Appeals from judgments of Court of Common Pleas No. 7 of Philadelphia County, as of Court of Common Pleas No. 4, Sept. T., 1946, No. 3620, and Court of Common Pleas No. 3, Sept. T., 1946, No. 3621, in case of William Gallagher, a minor, by John Gallagher, his guardian, and John Gallagher, in his own right v. Jewish Hospital Association of Philadelphia.
James J. McCabe, Jr., with him David C. Toomey, and Duane, Morris & Heckscher, for appellants.
Israel Packel, with him Edward Gerald Donnelly, Jr., and Fox, Rothschild, O'Brien & Frankel, for appellee.
Bell, C. J., Musmanno, Jones, Cohen, Eagen, O'Brien and Roberts, JJ. Opinion by Mr. Chief Justice Bell. Mr. Justice Musmanno dissents.
These are appeals from the judgments of the Court of Common Pleas of Philadelphia County entered in favor of the defendant, Jewish Hospital Association of Philadelphia.
On November 16, 1946, plaintiffs caused a writ of assumpsit and a writ of trespass to be served upon the Jewish Hospital Association of Philadelphia. From that date plaintiffs took no further action until August 5, 1965, when complaints were filed alleging that the Hospital was responsible for injuries sustained by the minor plaintiff when the latter was placed in the hospital nursery on November 12, 1944. On August 26, 1965, the defendant hospital filed a motion for the entry of judgments of non pros because of the failure of the plaintiffs to take any action in the prosecution of their claims for a period in excess of 18 years. The lower Court granted the motions for non pros and entered judgments in favor of the defendant in both the assumpsit action and the trespass action.
It is well settled law that the question of granting a non pros because of the failure of the plaintiff to prosecute his action within a reasonable time rests within the discretion of the lower Court and the exercise of such discretion will not be disturbed on appeal unless there is proof of a manifest abuse thereof. Aldridge v. Great A. & P. Tea Co., 394 Pa. 57, 145 A.2d 695; Margolis v. Blecher, 364 Pa. 234, 72 A.2d 127; Potter T. & T. Co. v. Frank, 298 Pa. 137, 148 Atl. 50.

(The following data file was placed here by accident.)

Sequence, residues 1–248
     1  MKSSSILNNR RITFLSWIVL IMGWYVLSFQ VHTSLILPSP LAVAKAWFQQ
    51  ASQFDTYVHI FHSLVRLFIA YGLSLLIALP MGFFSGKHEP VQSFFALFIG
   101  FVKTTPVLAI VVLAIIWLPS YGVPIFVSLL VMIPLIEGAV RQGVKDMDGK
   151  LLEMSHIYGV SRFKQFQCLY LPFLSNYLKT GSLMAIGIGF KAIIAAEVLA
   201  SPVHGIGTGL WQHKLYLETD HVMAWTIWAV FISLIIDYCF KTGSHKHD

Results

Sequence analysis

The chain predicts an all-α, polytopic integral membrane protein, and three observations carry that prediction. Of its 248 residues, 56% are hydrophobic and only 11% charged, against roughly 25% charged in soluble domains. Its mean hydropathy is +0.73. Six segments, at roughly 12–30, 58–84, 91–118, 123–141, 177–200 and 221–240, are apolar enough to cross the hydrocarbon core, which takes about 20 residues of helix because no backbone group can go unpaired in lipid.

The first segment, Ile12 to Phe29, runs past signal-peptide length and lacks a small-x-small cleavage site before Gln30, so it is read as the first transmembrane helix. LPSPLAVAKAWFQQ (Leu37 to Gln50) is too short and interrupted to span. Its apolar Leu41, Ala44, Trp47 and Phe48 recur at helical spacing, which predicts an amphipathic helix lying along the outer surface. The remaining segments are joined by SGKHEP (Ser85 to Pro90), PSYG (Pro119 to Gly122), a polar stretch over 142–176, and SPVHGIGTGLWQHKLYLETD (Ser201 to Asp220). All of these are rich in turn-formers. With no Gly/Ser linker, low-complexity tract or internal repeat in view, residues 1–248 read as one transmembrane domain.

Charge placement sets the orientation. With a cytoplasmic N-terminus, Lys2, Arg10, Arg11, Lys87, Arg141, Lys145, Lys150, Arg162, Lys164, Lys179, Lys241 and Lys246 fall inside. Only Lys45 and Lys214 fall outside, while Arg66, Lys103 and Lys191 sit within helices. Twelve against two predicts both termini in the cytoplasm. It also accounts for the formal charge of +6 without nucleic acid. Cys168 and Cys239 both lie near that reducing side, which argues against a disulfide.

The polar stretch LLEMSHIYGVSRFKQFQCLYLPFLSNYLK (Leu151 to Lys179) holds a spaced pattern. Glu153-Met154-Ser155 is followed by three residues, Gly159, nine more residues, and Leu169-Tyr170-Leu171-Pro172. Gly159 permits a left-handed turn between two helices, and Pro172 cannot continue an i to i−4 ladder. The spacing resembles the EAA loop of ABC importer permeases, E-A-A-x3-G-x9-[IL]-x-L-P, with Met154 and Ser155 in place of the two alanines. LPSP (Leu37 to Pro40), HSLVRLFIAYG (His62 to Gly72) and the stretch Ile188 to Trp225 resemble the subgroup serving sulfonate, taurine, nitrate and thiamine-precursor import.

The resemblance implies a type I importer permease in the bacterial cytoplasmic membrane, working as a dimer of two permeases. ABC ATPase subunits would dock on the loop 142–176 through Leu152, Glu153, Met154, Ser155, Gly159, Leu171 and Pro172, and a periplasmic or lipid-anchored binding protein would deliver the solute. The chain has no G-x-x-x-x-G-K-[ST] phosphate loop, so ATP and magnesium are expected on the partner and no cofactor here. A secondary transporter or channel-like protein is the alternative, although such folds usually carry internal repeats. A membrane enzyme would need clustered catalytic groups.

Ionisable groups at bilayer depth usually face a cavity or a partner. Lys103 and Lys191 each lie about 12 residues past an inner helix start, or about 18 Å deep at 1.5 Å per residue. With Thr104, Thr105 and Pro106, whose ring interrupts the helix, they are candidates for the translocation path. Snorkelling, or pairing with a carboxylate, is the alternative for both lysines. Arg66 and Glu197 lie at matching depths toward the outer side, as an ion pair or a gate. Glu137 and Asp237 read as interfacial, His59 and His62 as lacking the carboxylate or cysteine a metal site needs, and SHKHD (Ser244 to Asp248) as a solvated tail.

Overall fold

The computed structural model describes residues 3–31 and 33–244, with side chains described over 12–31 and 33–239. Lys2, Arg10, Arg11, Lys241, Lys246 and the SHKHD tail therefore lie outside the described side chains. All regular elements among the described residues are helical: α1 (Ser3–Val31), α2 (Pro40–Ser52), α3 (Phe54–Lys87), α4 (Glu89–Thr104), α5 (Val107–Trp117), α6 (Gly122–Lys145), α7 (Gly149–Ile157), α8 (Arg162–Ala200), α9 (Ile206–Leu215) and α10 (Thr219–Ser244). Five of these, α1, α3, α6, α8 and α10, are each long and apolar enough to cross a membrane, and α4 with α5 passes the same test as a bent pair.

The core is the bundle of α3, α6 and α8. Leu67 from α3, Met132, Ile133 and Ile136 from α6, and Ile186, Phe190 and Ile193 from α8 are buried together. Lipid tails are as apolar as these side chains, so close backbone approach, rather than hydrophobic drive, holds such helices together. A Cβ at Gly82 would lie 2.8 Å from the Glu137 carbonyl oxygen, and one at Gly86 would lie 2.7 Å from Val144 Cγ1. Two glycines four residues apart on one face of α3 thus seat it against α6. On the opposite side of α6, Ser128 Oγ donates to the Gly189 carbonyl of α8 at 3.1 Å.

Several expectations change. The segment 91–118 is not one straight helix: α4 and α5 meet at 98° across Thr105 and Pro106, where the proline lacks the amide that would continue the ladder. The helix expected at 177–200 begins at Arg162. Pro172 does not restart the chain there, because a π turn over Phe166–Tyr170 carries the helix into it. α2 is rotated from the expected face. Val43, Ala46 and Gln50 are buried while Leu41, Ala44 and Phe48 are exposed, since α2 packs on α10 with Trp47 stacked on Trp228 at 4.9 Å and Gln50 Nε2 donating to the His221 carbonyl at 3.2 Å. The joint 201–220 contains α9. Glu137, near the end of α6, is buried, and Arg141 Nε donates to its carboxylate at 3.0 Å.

Plaintiffs' sole contention on these appeals is that Rule 1037(a) of the Pennsylvania Rules of Civil Procedure prescribes the exclusive procedure by which a defendant may obtain a judgment of non pros, where the original action is begun by the issuance of a writ of summons. Rule 1037(a) provides: "(a) If an action is not commenced by a complaint, the prothonotary, upon praecipe of the defendant, shall enter a rule upon the plaintiff to file a complaint. If a complaint is not filed within twenty (20) days after service of the rule, the prothonotary, upon praecipe of the defendant, shall enter a judgment of non pros."
Plaintiffs' interpretation of the effect of this rule is erroneous. Beginning with the earliest history of the common law, it has always been the law that undue delay by a plaintiff after a suit has been commenced, is grounds for the Court to deny recovery by ordering a non pros of the action.*fn* In Waring Bros. & Co. v. Pa. R.R. Co., 176 Pa. 172, 35 Atl. 106, plaintiff's writ of summons was served on the defendant in 1879. The statement of claim was not filed until 1894, approximately 15 years after the writ of summons was filed. In upholding the grant of a judgment of non pros by the lower Court, this Court stated that the trial Court possesses an inherent power to grant a non pros for an unreasonable delay. This Court pertinently said (page 175): ". . . When it is considered that a delay of only six years in the bringing of such a suit gives rise to an absolute bar to its maintenance, at the mere will of a defendant, it seems useless to consider whether
the court in the exercise of its discretionary power, may not grant a non-suit for a mere wanton delay of more than fourteen ...